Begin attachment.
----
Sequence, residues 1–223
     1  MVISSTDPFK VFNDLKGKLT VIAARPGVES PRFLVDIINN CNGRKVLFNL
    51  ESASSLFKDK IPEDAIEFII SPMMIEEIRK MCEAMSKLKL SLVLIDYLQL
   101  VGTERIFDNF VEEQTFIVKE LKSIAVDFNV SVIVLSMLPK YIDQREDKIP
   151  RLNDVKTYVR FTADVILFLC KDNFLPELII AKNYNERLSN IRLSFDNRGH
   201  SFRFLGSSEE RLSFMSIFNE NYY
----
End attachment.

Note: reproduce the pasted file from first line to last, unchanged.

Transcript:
Sequence, residues 1–223
     1  MVISSTDPFK VFNDLKGKLT VIAARPGVES PRFLVDIINN CNGRKVLFNL
    51  ESASSLFKDK IPEDAIEFII SPMMIEEIRK MCEAMSKLKL SLVLIDYLQL
   101  VGTERIFDNF VEEQTFIVKE LKSIAVDFNV SVIVLSMLPK YIDQREDKIP
   151  RLNDVKTYVR FTADVILFLC KDNFLPELII AKNYNERLSN IRLSFDNRGH
   201  SFRFLGSSEE RLSFMSIFNE NYY